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Question

What are reserved powers

2 Answer


  • 1.
    a political power that a constitution reserves exclusively to the jurisdiction of a particular political authority.
  • Powers reserved for the states include any powers not specifically designated to the federal government in the United States Constitution.  So, laws and policies concerning education within a state, or laws and policies regarding business, trade and industry in a state would be examples of "reserved powers" the states hold.  Specific punishments for crimes committed within the states would also be an example.  (Note, for instance, that some states have a death penalty for those convicted of murder, and other states do not have a death penalty.)   Any laws and powers exercised by the states still must be in accord with what is stated in the US Constitution, however.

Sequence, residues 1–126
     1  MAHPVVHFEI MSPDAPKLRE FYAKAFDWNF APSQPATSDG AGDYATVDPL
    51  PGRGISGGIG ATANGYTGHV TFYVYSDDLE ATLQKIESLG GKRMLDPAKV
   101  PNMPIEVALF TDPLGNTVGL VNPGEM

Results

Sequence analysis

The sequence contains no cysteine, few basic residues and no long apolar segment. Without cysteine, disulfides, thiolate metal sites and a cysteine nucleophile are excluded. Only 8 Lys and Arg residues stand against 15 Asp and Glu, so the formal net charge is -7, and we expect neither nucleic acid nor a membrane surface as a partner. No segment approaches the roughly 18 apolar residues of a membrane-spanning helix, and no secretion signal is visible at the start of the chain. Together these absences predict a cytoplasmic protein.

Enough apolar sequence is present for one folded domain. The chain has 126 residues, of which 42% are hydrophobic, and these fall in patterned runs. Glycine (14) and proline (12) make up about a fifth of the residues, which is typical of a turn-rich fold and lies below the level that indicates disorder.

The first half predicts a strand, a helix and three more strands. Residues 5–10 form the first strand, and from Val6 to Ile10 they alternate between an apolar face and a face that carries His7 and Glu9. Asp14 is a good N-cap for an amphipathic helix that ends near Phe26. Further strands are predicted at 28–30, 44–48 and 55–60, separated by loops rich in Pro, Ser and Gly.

The idea of powers reserved to the states is stated in the 10th Amendment of the Constitution:  "The powers not delegated to the United States by the Constitution, nor prohibited by it to the states, are reserved to the states respectively, or to the people."  So the "reserved powers" of the states is a very broad category that could include many examples.

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